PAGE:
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Will of John Kehoe
Barren Island Labrador August 1st 1877. In the name of God Amen I John Kehoe of Carbonear being sick of body but sound in mind do make this my last will and testament, and I do will and bequeath my property as follows, to my wife Mary Kehoe I will and bequeath all my property moveable and immoveable as long as she remain Mary Kehoe, and at her death or marriage the whole property shall be divided equally divided between the four sons Patrick John Peter and William, except a plot of land which I leave to my daughters Ellen and Mary Kehoe to each sufficient space to build a house if either or both require it also as much of the land as would be sufficient to set a barrel of seed potatoes, but if either of the boys shall learn any trade or michanical art he shall have no part of the property but it shall be divide between the other sons and the house shall be the home of the girls Ellen and Mary as long as they may require it, also that plot of land that Michael & Matthew Brines house stands on at preasent shall be equally divided like the other property it is bounded on the north by the main road on the south by Patrick Kehoes land on the east by Colberts land on the west by Mich Briens land. John his X mark Kehoe. Witness James his X mark Fleming- Edward Jones.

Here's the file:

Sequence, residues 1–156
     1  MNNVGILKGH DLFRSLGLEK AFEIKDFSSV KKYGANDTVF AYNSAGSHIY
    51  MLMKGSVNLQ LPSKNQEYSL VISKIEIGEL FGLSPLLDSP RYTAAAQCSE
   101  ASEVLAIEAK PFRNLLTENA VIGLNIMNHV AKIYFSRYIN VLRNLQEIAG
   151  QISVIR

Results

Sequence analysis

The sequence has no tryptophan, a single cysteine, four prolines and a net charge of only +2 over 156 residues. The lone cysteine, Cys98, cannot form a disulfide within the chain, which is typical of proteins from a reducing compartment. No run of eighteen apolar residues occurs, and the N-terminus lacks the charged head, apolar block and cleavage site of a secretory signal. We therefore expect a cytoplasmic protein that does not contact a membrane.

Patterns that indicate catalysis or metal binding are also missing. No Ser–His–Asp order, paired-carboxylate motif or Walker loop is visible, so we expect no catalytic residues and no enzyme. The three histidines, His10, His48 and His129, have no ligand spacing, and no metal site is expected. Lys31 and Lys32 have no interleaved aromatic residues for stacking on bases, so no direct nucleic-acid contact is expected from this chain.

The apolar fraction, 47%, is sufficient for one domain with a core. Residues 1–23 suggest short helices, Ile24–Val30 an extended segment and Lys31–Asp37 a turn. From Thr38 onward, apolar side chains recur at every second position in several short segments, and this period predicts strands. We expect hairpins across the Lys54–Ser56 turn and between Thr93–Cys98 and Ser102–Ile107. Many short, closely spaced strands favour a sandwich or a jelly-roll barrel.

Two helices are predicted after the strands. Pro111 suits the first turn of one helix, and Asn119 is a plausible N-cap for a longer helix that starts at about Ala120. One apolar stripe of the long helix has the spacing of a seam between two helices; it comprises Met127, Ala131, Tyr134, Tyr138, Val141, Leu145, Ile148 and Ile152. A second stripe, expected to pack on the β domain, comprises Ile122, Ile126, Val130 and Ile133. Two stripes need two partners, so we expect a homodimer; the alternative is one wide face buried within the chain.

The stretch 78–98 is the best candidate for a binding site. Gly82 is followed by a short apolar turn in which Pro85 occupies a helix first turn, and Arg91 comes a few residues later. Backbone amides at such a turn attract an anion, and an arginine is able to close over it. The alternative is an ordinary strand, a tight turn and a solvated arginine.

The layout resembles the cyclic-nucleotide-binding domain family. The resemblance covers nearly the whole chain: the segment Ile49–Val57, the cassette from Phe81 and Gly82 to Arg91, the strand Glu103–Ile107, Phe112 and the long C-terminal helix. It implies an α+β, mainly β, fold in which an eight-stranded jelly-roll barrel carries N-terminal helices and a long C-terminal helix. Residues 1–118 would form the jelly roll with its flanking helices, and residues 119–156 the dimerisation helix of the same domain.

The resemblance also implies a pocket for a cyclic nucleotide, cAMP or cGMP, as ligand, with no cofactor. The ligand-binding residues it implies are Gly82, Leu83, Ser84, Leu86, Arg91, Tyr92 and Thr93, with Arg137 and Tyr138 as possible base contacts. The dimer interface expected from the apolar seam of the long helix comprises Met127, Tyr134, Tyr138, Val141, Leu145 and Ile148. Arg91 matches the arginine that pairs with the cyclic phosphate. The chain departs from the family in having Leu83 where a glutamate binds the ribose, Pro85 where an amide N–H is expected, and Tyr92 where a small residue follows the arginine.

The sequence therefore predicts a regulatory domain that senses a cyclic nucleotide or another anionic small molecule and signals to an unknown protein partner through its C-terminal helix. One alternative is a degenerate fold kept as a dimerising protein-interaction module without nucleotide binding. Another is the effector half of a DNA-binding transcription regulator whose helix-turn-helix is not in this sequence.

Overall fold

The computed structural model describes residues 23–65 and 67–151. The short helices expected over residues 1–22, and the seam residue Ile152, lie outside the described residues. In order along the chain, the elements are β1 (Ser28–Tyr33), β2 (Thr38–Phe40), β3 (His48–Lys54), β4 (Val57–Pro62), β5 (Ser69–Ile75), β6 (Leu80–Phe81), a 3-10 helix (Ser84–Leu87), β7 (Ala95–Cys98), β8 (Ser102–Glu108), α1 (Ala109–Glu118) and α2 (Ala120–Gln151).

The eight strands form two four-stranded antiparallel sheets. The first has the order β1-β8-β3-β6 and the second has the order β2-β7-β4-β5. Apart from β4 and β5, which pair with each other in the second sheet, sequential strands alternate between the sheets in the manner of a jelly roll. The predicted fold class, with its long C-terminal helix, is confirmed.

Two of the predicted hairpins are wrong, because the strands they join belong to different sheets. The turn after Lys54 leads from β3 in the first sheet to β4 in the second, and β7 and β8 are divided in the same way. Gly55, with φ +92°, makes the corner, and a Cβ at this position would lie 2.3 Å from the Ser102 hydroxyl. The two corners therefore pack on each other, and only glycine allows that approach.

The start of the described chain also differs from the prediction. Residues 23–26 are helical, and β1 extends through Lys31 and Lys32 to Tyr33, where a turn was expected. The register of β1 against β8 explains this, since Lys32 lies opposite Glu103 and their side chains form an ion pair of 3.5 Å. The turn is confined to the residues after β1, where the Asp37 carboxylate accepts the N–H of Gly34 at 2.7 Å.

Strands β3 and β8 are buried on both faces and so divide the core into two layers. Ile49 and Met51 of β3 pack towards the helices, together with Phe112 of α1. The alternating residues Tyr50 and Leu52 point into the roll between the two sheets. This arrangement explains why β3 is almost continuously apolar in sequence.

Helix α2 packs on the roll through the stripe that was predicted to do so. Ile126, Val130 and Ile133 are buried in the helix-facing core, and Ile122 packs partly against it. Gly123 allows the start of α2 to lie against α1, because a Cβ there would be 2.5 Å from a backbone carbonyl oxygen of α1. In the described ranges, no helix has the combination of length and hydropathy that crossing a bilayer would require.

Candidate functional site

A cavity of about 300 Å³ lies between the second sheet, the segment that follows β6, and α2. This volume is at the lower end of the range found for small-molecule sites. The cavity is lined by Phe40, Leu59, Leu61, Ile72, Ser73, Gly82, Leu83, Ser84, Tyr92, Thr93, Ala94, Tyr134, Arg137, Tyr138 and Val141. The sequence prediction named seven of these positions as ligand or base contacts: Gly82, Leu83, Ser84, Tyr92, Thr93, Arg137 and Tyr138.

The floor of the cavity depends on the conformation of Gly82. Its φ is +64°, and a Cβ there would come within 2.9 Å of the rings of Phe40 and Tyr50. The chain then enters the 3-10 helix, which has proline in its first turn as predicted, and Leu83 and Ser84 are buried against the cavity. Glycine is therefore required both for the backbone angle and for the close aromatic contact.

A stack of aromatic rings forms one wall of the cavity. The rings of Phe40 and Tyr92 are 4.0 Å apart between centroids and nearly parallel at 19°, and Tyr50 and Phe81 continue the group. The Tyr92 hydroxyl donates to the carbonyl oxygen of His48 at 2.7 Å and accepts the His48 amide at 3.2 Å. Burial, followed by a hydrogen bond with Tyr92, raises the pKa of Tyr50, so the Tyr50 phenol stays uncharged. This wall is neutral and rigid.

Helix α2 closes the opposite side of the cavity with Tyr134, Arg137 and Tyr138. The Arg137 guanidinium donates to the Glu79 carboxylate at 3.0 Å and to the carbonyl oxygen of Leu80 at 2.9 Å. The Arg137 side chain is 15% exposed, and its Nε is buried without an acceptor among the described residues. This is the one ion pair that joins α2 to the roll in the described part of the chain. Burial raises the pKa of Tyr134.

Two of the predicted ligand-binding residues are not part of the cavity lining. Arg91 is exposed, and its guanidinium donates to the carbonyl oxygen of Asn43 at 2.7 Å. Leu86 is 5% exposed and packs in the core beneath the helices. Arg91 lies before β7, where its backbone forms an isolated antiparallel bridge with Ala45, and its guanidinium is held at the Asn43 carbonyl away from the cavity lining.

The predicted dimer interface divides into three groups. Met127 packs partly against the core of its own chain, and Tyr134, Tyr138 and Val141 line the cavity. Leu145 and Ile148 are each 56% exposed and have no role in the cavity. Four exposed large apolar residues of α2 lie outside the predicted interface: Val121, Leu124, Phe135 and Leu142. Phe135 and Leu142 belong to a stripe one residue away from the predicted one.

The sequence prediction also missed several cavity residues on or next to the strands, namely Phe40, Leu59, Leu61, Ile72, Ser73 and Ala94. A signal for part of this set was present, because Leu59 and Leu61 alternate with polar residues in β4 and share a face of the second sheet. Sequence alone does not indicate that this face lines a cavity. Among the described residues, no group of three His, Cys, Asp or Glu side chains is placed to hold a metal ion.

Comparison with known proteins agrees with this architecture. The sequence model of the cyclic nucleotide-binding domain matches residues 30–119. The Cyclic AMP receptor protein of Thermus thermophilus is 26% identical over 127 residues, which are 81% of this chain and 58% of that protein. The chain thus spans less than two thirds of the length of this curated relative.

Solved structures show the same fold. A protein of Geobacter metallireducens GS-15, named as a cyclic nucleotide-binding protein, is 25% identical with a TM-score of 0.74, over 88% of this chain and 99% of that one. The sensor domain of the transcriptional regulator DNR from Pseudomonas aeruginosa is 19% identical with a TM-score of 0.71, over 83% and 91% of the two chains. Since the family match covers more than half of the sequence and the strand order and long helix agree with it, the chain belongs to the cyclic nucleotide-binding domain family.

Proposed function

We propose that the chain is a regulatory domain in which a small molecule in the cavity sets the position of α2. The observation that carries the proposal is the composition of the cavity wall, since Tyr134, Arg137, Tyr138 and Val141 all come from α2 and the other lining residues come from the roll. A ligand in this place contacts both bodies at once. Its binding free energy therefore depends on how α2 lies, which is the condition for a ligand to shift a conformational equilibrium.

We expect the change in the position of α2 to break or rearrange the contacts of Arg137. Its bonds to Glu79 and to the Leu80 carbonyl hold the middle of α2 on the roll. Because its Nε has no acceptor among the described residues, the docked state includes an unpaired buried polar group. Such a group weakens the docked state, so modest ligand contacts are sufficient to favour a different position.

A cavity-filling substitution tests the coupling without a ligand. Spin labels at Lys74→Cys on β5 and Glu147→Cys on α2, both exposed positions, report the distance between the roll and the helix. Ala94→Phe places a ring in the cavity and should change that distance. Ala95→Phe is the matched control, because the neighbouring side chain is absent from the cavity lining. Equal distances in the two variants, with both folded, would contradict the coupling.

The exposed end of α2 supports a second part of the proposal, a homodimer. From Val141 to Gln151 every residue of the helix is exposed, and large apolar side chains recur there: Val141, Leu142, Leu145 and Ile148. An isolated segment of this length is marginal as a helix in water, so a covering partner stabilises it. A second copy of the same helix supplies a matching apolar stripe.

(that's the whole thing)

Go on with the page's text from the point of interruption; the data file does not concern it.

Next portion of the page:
Note: The wills in those will books are NOT actual wills. They are either hand-written copies or in later years typed copies of a, "last will and testament," written or typed by the court clerk, after the death of the testator, when the executor presented them to the court for probate. The court clerk didn't list the signatures at the bottom, he (or she) just put them in the book in whatever order they were in, on the original document, no spacing most of the time, no punctuation and also no paragraphs. The originals were kept by the executor.
We who have typed these wills, have made every effort to include all the errors that were on the microfilm, in order to avoid destroying the integrity of the originals, where ever they may be. However, in some of the very long wills, we have tried to insert paragraphs to make it easier for the researcher to read the document.
Page Contributed by Judy Benson & Ivy F. Benoit
Page Revised by Ivy F. Benoit (Wednesday February 20, 2013)
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